Farmers' worries delay bringing wild turkeys to P.E.I.

Concerns from blueberry growers and other farmers have put a plan to introduce wild turkeys to P.E.I. on hold.

A plan to introduce wild turkeys to P.E.I. next year has been put on hold because of concerns from blueberry growers and other farmers.

The plan, with the goal of growing a population large enough to hunt, had received conditional government approval, but blueberry farmers and grain farmers are worried about the turkeys eating their crop. Other farmers are concerned about damage to silage wrap.

Environment Minister Jamie Ballem ordered a delay in the release of the birds after hearing from the farmers, and until a U.S. study on the impact of the birds on blueberry fields is completed.

"There has been evidence of damage. At this point, I think it's still kind of anecdotal," Ballem told CBC News on Monday.

"When we heard that the University of Maine was doing a fairly intensive study, we said, 'OK, let's find out when it's going to be completed, exactly what they're looking at,' and I think it fits for some of the information we're going to be looking for."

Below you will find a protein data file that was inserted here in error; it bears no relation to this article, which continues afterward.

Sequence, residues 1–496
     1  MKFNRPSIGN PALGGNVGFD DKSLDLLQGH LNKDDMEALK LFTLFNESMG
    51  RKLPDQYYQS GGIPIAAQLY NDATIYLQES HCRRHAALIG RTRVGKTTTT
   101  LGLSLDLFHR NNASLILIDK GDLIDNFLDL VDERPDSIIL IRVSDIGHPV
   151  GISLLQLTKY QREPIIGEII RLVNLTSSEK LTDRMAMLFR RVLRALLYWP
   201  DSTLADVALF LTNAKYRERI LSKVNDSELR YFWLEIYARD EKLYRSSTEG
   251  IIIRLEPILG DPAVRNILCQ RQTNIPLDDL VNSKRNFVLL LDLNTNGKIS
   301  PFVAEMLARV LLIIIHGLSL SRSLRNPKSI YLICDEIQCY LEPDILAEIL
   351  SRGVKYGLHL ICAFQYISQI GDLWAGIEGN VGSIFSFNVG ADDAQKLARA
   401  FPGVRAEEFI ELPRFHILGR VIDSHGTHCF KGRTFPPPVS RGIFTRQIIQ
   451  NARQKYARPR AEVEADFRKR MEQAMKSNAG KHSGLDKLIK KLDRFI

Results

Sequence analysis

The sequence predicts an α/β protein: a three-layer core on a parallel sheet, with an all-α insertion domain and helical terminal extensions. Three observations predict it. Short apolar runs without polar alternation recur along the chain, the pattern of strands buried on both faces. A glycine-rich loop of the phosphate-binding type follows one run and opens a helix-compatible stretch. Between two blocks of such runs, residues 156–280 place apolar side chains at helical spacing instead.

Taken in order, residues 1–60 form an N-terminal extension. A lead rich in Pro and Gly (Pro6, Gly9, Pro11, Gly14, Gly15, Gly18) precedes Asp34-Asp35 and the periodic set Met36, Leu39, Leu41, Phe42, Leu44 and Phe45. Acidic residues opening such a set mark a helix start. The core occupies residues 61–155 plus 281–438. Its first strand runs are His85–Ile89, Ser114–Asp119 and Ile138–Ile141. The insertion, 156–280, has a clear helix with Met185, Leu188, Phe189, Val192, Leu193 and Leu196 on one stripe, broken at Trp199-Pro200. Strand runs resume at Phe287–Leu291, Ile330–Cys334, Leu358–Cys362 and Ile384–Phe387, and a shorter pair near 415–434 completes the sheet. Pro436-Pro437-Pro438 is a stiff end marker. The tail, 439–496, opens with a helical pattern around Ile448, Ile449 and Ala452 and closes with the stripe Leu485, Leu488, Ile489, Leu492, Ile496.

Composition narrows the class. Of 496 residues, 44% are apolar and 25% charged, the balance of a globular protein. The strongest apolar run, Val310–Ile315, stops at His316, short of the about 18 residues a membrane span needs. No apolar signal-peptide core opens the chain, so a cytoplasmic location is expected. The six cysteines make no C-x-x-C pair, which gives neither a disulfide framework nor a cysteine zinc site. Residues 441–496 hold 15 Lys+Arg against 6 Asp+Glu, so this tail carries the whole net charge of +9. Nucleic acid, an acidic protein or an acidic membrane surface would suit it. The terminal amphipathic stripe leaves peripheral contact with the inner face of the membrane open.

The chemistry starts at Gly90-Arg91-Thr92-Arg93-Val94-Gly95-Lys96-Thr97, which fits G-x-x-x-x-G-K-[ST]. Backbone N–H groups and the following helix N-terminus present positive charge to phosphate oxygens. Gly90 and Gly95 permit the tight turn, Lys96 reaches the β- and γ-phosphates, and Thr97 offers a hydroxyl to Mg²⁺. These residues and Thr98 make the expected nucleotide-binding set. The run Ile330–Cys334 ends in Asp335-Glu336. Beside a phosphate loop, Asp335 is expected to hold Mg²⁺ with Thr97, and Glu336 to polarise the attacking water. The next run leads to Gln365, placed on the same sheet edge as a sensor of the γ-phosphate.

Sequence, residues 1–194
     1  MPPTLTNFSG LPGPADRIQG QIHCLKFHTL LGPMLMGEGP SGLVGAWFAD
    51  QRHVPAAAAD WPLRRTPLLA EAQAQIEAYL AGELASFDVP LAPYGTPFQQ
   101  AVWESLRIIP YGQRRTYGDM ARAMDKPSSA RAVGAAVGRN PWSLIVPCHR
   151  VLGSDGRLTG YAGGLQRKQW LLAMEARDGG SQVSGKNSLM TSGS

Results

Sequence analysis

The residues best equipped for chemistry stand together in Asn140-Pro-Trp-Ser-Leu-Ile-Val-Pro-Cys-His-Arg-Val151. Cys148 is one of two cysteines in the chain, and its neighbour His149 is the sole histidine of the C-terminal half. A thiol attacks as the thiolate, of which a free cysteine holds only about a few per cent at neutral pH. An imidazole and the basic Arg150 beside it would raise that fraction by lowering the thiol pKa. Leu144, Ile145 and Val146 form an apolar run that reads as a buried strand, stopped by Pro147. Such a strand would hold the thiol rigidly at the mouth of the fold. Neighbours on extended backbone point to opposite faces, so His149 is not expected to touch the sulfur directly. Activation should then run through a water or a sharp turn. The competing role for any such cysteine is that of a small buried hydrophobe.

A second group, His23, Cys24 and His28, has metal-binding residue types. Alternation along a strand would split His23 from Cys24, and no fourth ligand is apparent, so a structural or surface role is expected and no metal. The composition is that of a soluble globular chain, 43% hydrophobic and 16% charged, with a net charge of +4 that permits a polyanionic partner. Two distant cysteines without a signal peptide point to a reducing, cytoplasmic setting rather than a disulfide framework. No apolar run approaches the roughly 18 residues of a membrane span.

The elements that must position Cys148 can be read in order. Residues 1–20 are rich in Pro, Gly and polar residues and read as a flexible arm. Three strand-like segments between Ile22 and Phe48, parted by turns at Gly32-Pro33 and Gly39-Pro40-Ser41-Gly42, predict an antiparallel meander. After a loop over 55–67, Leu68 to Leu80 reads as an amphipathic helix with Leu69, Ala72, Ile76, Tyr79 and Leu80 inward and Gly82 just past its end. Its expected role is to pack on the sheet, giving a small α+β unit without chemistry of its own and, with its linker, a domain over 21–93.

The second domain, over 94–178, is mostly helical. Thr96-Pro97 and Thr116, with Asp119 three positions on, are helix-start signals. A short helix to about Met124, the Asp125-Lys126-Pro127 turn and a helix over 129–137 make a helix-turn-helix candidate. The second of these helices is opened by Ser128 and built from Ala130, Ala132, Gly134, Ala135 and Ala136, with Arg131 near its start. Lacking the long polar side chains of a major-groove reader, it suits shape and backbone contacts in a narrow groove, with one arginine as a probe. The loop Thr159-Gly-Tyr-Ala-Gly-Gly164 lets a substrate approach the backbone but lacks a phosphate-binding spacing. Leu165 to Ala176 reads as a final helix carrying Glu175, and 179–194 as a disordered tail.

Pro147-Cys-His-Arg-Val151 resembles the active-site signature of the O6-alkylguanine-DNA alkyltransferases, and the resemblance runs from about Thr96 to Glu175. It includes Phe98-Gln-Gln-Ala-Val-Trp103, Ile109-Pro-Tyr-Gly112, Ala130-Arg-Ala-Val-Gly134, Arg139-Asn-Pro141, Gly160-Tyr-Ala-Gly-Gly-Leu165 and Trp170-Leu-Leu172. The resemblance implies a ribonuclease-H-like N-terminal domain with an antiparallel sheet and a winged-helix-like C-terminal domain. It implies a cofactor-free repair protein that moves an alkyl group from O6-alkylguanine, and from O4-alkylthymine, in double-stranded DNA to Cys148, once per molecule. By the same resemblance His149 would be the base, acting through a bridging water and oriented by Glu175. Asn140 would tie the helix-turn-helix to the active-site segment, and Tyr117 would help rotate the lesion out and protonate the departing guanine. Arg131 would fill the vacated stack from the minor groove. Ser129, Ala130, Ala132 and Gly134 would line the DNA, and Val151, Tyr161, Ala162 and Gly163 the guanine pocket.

The study, looking at the birds' impact on about 20,000 hectares grown there, should be complete by early next year— too late to bring wild turkeys to P.E.I. for 2007. The birds were to be released in the Kensington area.

The P.E.I. Wildlife Federation and the P.E.I. chapter of the National Wild Turkey Federation had been given conditional approval to bring in 50 birds next year.

More birds were to have been brought in annually. The goal was to have their numbers increase enough for a hunt by 2012.